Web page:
2009 - Fellow of the American Association for the Advancement of Science (AAAS)
1996 - Fellow of the Royal Society of Edinburgh
His primary areas of study are Cognitive psychology, Recognition memory, Episodic memory, Recall and Neuroscience. His Cognitive psychology study integrates concerns from other disciplines, such as Context, Neural correlates of consciousness, Cognition, Event-related potential and Brain activity and meditation. Michael D. Rugg interconnects Stimulus, Audiology and Communication in the investigation of issues within Event-related potential.
The various areas that Michael D. Rugg examines in his Recognition memory study include Dissociation, Memoria, Functional magnetic resonance imaging, Prefrontal cortex and Posterior parietal cortex. His biological study spans a wide range of topics, including Parietal lobe, Brain mapping and Developmental psychology. His work focuses on many connections between Neuroscience and other disciplines, such as Statistical parametric mapping, that overlap with his field of interest in Basis function, Temporal resolution and Brodmann area.
The scientist’s investigation covers issues in Cognitive psychology, Episodic memory, Recall, Recognition memory and Neuroscience. His work carried out in the field of Cognitive psychology brings together such families of science as Neural correlates of consciousness, Dissociation, Cognition, Event-related potential and Functional magnetic resonance imaging. His research integrates issues of Communication, Word and Audiology in his study of Event-related potential.
His study in Episodic memory is interdisciplinary in nature, drawing from both Encoding, Posterior cingulate, Prefrontal cortex, Semantic memory and Brain mapping. His work investigates the relationship between Recall and topics such as Explicit memory that intersect with problems in Implicit memory. Michael D. Rugg has included themes like Context, Electrophysiology, Memoria, Brain activity and meditation and Posterior parietal cortex in his Recognition memory study.
Michael D. Rugg mainly investigates Episodic memory, Neuroscience, Recall, Audiology and Encoding. His Episodic memory research includes themes of Hippocampal formation, Recognition memory, Prefrontal cortex, Cortex and Semantic memory. His Recognition memory study combines topics from a wide range of disciplines, such as Context, Cognitive psychology and Fluency.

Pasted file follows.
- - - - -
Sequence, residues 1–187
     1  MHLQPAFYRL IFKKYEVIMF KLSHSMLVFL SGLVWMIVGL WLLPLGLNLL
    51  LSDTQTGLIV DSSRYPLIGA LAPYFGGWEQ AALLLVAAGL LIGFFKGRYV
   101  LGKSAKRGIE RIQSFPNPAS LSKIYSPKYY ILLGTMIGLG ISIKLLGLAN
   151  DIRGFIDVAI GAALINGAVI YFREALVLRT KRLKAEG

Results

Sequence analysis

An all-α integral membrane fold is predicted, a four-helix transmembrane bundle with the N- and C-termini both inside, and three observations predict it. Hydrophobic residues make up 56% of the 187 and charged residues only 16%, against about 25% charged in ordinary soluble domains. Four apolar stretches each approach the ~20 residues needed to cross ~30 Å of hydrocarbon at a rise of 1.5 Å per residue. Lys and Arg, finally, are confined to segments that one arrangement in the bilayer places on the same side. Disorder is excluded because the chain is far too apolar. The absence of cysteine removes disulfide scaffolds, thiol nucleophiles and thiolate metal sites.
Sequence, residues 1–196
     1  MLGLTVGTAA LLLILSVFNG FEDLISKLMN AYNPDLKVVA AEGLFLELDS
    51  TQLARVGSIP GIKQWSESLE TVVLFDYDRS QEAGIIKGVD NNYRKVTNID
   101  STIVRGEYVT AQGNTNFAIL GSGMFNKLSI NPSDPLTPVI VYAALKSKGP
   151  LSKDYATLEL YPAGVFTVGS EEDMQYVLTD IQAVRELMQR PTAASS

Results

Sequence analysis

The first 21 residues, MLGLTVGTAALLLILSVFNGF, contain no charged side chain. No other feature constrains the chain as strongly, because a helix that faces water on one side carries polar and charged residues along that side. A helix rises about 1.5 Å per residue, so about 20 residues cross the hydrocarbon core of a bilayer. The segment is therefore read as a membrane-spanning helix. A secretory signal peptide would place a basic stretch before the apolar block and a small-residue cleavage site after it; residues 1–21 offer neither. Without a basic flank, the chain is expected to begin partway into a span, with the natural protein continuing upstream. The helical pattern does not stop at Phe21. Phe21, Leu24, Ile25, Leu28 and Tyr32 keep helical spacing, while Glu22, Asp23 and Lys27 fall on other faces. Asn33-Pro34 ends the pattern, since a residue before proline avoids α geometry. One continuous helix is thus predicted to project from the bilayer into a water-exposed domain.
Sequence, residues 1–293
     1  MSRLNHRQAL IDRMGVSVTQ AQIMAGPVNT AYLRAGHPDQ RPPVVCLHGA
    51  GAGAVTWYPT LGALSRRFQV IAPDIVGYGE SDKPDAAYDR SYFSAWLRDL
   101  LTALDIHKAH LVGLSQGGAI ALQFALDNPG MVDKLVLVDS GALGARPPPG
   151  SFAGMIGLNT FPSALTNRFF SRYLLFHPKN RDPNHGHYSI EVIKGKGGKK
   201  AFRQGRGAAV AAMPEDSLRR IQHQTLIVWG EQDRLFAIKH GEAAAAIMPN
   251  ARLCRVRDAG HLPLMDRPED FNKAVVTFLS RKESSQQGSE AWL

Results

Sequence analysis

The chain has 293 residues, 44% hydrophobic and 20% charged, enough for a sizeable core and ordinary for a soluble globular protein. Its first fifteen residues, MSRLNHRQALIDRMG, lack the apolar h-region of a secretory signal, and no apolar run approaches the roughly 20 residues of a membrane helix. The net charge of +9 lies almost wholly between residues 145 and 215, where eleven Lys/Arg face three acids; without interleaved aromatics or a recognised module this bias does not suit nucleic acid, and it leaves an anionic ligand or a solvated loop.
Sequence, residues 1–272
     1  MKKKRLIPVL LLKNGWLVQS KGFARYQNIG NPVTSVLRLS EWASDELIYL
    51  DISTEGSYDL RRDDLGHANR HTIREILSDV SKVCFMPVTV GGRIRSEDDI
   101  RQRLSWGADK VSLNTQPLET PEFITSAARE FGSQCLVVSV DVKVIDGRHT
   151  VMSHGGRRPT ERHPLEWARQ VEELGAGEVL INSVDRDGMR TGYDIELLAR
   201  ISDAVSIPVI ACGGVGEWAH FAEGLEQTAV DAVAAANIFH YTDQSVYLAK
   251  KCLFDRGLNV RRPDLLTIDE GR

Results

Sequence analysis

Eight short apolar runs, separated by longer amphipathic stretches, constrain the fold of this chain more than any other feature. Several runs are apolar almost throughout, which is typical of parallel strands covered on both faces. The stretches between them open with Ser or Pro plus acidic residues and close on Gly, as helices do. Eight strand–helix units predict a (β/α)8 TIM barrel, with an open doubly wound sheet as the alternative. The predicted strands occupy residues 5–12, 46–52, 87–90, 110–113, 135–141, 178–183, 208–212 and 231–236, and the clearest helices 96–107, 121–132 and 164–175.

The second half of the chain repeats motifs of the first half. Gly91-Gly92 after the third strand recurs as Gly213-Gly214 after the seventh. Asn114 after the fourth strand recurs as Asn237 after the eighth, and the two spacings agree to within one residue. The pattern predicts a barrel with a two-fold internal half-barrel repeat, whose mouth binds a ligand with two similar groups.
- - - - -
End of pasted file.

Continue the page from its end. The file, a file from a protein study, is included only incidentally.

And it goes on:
In Neuroscience, Michael D. Rugg works on issues like Mnemonic, which are connected to Posterior parietal cortex. His studies deal with areas such as Dissociation, Retrosplenial cortex, Posterior cingulate, Neural correlates of consciousness and Angular gyrus as well as Recall. The various areas that Michael D. Rugg examines in his Audiology study include Young adult, Cognition, Memory performance, Age differences and Neuropsychological test.
His primary scientific interests are in Episodic memory, Neuroscience, Recall, Cognitive psychology and Cognition. His work carried out in the field of Episodic memory brings together such families of science as Perception, Encoding, Audiology, Neural correlates of consciousness and Semantic memory. His work in Audiology addresses subjects such as Young adult, which are connected to disciplines such as Event-related potential.
His study in Recall is interdisciplinary in nature, drawing from both Developmental psychology and Angular gyrus. His Cognitive psychology research integrates issues from Dissociation, Prefrontal cortex, Dorsolateral prefrontal cortex and Functional magnetic resonance imaging. His study in the fields of Effects of sleep deprivation on cognitive performance and Cognitive aging under the domain of Cognition overlaps with other disciplines such as Cognitive decline.
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Guidelines for using human event-related potentials to study cognition: Recording standards and publication criteria
Terence W. Picton;S. Bentin;P. Berg;E. Donchin.
Event-Related fMRI: Characterizing Differential Responses
Karl J. Friston;P. Fletcher;Oliver Josephs;A. Holmes.
Event-related potentials and recognition memory
Michael D. Rugg;Tim Curran.
Trends in Cognitive Sciences (2007)
Recollection and Familiarity in Recognition Memory: An Event-Related Functional Magnetic Resonance Imaging Study
Richard N. A. Henson;M. D. Rugg;T. Shallice;O. Josephs.
The Journal of Neuroscience (1999)
Electrophysiology of Mind: Event-Related Brain Potentials and Cognition
Michael D. Rugg;Michael G. H. Coles.
Separating the brain regions involved in recollection and familiarity in recognition memory
Andrew P. Yonelinas;Leun J. Otten;Kendra N. Shaw;Michael D. Rugg.
The Journal of Neuroscience (2005)
Dissociation of the neural correlates of implicit and explicit memory
Michael D. Rugg;Ruth E. Mark;Peter Walla;Astrid M. Schloerscheidt.
Event-related brain potentials: An introduction.
Michael G. H. Coles;Michael D. Rugg.
An event-related potential study of recognition memory with and without retrieval of source
Edward Lewis Wilding;Michael D. Rugg.
Memory retrieval and the parietal cortex: A review of evidence from a dual-process perspective
Kaia L. Vilberg;Michael D. Rugg.
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